Recently released is Catalogue 3 of Fine Antique Maps & Atlases from Cohen & Taliaferro of New York City. Offered is a selection that includes some of the most important and historic of early maps, ranging to some more localized ones from the 19th century. Included are some of the very earliest to depict America. These are a few of the spectacular maps being offered.
In the decade before Columbus, European understanding of the world, at least from a mapping perspective, was virtually unchanged from where it been almost 1,500 years earlier. That is when the Alexandrian geographer/astronomer/mathematician Ptolemy produced his maps. We start with the map of the world taken from the Ulm Ptolemy, the second state of the atlas published in 1486. By the 1480s, there was more awareness of Greenland and Scandinavia, and Portuguese travelers had discovered some islands off the west coast of Africa, but otherwise the world was still essentially as Ptolemy had known it in the first and second century. In this map, only the northern part of Africa is shown, Asia ends slightly east of India. A bridge of land to the south connects Africa with Asia, making the Indian ocean an inland sea. There is no Pacific Ocean, poles, Australia, nor, of course, America. It was a small world in 1486. The map is surrounded by wind heads, a common element of antiquarian maps, and features contemporary color. Item 2. Priced at $165,000.
Item 3 offers one of the earliest maps to depict America, probably within about a year of the first such printed map. It was produced in 1507 by Johann Ruysch, who may have traveled to the New World himself. However, he likely saw America as part of Asia. North America is clearly attached to Asia (as is Greenland), though South America is less certain. Ruysch speculates that Spagnola (Hispaniola) is Marco Polo's Spangu, or Japan. Africa is now complete, looking very much as it does today, reflecting Bartholomew Diaz' 1488 journey around the southern tip of the continent. $265,000.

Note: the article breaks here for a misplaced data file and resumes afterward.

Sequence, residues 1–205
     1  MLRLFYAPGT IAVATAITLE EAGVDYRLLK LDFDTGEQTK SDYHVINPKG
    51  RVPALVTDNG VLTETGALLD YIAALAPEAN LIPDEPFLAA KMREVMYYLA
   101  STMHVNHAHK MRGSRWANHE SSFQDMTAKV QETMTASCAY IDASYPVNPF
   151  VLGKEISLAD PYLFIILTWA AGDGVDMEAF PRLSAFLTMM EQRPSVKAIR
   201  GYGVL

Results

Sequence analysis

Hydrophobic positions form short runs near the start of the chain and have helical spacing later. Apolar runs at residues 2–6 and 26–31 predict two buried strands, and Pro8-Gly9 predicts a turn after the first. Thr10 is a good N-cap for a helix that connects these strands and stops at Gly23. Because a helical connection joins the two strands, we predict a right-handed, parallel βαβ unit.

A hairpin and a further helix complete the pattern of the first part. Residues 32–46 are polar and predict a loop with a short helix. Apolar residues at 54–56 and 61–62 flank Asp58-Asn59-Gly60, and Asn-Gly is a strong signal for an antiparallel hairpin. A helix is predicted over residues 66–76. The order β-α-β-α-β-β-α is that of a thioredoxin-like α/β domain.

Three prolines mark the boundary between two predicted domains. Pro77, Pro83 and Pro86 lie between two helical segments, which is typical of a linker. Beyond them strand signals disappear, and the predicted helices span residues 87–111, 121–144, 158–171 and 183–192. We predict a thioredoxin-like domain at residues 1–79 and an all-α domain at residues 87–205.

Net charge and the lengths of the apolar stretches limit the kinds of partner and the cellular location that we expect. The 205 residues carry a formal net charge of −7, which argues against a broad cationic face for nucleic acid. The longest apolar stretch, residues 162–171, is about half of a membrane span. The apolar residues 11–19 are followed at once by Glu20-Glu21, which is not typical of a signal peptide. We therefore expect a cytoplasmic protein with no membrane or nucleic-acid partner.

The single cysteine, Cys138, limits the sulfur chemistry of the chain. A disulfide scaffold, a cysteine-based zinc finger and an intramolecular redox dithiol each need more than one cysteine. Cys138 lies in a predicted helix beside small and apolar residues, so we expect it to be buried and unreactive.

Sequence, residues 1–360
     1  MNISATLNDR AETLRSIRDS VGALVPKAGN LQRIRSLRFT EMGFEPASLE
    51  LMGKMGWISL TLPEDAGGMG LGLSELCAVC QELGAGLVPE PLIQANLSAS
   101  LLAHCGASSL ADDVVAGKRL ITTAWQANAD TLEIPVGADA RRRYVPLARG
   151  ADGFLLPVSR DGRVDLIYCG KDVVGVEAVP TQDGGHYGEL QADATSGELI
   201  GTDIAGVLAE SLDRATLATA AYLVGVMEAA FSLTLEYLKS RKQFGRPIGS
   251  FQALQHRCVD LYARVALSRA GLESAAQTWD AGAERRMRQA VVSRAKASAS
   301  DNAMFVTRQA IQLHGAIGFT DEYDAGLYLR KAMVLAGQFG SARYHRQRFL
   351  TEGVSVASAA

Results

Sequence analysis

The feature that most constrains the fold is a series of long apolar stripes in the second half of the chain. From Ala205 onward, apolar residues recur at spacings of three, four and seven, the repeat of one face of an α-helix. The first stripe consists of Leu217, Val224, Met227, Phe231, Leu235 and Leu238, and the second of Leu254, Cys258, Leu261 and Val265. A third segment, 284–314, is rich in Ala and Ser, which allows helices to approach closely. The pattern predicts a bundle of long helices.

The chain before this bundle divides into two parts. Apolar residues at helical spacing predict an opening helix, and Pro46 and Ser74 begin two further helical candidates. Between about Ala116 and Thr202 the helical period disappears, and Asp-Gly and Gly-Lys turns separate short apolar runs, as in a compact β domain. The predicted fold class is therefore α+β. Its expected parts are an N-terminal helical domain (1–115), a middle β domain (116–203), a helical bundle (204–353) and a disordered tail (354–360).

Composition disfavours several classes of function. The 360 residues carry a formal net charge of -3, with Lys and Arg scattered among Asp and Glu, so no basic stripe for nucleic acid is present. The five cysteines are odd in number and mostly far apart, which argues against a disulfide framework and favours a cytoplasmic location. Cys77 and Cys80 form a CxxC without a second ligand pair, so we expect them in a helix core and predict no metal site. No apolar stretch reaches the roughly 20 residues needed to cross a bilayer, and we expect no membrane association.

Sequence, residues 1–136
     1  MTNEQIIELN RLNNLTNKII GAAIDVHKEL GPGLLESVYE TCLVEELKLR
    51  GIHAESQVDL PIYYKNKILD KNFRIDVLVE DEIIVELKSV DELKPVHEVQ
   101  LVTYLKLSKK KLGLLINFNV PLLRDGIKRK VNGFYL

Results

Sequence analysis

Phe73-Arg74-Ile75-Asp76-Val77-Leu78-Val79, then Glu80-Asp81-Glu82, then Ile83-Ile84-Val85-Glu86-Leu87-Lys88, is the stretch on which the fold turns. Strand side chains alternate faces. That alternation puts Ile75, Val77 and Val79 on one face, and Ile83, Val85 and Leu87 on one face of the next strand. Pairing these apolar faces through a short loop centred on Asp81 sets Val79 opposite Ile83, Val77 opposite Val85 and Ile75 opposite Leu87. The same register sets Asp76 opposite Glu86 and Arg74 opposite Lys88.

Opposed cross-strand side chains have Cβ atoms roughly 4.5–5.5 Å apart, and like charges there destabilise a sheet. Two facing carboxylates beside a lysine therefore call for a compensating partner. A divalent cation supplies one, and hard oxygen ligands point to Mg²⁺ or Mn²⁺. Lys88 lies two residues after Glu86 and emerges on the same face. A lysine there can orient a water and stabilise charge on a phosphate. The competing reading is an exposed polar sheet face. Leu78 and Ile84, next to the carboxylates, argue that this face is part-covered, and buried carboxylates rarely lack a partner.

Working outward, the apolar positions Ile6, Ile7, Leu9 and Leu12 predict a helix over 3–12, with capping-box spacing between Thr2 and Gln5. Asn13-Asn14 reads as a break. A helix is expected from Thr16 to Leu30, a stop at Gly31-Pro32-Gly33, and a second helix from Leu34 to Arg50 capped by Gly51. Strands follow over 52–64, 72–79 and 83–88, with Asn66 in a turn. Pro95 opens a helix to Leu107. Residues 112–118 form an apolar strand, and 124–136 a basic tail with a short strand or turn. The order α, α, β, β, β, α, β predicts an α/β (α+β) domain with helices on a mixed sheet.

Item 5 is the 1513 Martin Waldseemuller map of the world from the Strasbourg Ptolemy. This is the first map to show America clearly separate from Asia, and is possibly even the first map to show the New World at all. It is often referred to as “The Admiral's map” because it refers to “the Admiral,” believed to be Columbus, though the map was not prepared by Columbus. A large part of South America appears in the southwestern corner, along with the islands of Hispaniola and Cuba, though North America is not displayed. Asia clearly ends on the eastern side of the map, revealing an ocean that separates it from the New World. While the map appeared in 1513, there is a case to be made, based on an earlier proof state and the fact that the map was not correctly sized for the atlas, that it may have been printed in 1505 or 1506 but not used until inserted in the 1513 atlas. If so, it would be the first printed map to display America. $95,000.
That 1513 atlas also included the first separate map of America, also by Martin Waldseemuller. This one not only contains more detail than the world map, but also shows North America, though clearly attached to the South and by more than a narrow isthmus. Cuba and Hispaniola (“Isabella” and “Spagnolla”) are shown in detail, but what is more interesting is the fairly accurate portrayal of Florida and the Gulf of Mexico. How did Waldseemuller know about this? These features had not yet been discovered. It has led many to presume there must have been some unrecorded voyages to which Waldseemuller had access. Item 34. $95,000.
Item 35 is Jean Lattré's 1784 map of the United States, Carte des Etats Unis de L'Amerique... It is most notable as being the first map of the United States. Certainly, there were many maps of the land before that, but this French map was the first issued after the final ratification of the Treaty of Paris, which made the United States officially an independent country. The map not only depicts the country but contains a list of important events in the Revolution. $38,000.